Smart showed he is human after a sub-par performance against Memphis in the Old Spice Classic (Credit: Orlando Sentinel).

Smart showed he is human after a sub-par performance against Memphis in the Old Spice Classic (Credit: Orlando Sentinel).

  • Marcus Smart is actually human after all.  Seriously, after exploding for 39 points against Memphis, Smart followed that up with 25- and 30-point performances against South Florida and Purdue, and left many in college basketball wondering if he had transformed into some sort of Space Jam Monstar in the offseason. The Oklahoma State point guard struggled in the Cowboys’ second match-up with Memphis, finishing with 12 points and two costly turnovers in a close game down the stretch. I’m not sure there’s another player in college basketball who seems to be better at harnessing his emotions in a positive way than Smart, so if there’s one thing worth betting on this season, it’s that the sophomore from Flower Mound, Texas, will find a way to bounce back quickly from a disappointing performance.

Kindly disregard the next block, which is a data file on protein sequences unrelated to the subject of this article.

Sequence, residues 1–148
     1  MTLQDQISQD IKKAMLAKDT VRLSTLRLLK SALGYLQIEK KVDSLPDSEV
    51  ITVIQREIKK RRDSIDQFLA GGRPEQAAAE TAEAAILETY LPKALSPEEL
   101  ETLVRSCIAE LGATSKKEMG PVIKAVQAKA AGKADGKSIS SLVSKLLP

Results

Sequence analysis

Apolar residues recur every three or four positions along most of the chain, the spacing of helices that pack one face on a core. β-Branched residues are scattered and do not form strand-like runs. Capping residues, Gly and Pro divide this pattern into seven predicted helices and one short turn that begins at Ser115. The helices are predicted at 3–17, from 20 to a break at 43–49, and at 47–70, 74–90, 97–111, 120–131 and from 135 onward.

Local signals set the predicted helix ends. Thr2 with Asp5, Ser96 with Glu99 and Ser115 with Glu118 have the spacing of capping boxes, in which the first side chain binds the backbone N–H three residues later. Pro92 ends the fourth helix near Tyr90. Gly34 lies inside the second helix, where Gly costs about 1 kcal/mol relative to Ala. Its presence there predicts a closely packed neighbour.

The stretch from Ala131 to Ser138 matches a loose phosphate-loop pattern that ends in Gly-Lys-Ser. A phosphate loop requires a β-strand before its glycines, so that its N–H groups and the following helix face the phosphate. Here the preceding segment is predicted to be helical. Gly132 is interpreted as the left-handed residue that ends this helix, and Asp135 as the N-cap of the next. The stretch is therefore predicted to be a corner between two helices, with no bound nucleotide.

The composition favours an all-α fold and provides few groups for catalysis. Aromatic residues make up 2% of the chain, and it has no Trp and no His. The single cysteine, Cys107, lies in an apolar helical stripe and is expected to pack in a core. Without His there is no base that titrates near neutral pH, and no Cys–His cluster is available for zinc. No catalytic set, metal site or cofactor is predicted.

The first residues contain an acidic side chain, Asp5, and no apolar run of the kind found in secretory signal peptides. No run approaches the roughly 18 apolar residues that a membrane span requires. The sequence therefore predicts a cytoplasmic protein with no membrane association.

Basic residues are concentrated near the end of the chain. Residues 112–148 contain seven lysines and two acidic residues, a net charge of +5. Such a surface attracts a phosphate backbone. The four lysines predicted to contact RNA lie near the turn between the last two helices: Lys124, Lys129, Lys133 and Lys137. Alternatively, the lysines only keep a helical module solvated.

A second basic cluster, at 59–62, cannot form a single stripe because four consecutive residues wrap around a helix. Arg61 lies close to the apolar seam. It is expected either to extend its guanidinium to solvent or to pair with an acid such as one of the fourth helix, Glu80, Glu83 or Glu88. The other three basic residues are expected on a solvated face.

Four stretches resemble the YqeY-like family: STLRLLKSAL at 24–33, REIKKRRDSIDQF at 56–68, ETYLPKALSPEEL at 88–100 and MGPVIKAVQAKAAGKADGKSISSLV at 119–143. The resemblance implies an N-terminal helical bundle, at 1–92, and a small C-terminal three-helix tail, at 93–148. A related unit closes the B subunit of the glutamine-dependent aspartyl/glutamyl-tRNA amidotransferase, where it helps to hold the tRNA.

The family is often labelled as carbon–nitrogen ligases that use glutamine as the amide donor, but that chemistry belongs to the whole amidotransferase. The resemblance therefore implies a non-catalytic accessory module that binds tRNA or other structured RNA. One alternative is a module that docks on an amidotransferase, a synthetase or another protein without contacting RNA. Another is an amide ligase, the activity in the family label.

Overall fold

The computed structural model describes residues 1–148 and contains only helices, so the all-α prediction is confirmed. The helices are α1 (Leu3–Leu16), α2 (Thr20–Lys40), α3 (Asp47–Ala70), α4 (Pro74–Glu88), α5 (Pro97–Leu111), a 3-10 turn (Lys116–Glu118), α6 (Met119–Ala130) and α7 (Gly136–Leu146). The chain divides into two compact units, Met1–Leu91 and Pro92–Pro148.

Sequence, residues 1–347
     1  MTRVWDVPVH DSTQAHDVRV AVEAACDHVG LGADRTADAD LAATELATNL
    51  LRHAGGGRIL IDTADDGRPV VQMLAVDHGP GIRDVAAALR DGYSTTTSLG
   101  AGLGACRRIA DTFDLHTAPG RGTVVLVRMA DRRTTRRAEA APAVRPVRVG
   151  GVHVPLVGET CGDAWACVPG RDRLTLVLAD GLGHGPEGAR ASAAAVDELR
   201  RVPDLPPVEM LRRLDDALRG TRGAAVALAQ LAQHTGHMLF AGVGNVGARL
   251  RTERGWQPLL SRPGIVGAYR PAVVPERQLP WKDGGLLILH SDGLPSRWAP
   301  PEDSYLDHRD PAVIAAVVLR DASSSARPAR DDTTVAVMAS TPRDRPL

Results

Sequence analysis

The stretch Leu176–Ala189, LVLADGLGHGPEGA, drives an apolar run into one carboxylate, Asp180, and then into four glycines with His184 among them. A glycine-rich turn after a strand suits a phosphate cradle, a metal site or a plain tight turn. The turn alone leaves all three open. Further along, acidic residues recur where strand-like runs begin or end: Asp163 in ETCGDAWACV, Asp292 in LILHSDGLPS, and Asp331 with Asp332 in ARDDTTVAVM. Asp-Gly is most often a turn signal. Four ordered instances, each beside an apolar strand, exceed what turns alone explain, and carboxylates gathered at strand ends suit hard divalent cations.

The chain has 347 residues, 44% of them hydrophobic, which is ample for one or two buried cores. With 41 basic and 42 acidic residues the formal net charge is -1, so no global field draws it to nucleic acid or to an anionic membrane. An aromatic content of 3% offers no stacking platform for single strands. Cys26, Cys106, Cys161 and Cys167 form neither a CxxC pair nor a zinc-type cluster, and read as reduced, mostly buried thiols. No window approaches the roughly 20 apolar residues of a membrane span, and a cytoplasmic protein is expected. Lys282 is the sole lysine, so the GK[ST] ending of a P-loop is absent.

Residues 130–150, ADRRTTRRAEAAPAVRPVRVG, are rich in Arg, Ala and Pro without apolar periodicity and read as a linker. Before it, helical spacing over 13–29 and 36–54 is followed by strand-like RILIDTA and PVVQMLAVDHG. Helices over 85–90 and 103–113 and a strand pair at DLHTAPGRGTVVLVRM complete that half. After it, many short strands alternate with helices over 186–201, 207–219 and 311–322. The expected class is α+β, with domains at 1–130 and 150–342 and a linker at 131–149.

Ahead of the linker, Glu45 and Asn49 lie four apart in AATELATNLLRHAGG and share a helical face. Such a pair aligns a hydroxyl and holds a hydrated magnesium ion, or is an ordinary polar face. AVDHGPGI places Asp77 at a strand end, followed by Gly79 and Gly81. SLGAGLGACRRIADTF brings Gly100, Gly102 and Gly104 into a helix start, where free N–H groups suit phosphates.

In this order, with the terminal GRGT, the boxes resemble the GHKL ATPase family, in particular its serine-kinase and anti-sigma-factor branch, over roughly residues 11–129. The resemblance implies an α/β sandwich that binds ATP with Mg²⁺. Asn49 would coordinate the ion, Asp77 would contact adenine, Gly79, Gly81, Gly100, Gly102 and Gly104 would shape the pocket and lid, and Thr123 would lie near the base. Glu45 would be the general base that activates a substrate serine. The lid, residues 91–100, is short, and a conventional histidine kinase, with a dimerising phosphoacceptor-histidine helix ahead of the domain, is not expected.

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Big 12 M5: 12.06.13 Edition

Posted by Nate Kotisso on December 6th, 2013

morning5_big12

  1. Oklahoma took care of Texas A&M-Corpus Christi 78-56 in a game moved up five hours from its original start time last night to avoid conflict with worsening weather conditions in Norman. The surprise performance came from junior forward D.J. Bennett, whose nine points, three boards and career-high five blocked shots added a different edge to the Sooners’ frontcourt. Bennett has dealt with a partially torn tendon since earlier in the season, and because of that hasn’t seen a lot of floor time, but this could be the start of his comeback. Goodness knows the Sooners could use someone who is effective down low when Ryan Spangler isn’t on the floor.
  2. It wasn’t easy, but Kansas State found a way to get by the Fighting Marshall Hendersons from Ole Miss, 61-58, on Thursday. Henderson tried his darndest to single-handedly win the game for the Rebels, but his 4-of-18 shooting (off the bench) did more harm than good. It’s fascinating to see how different the Wildcats play when Thomas Gipson is in the lineup — the junior tallied 15 points, six rebounds, and two blocks in the contest. And here’s an update on the attendance at Bramlage Coliseum: It certainly looked like the Wildcat faithful showed up last night. The 11,990 fans in the building made last night the third-highest attended game this season at Bramlage.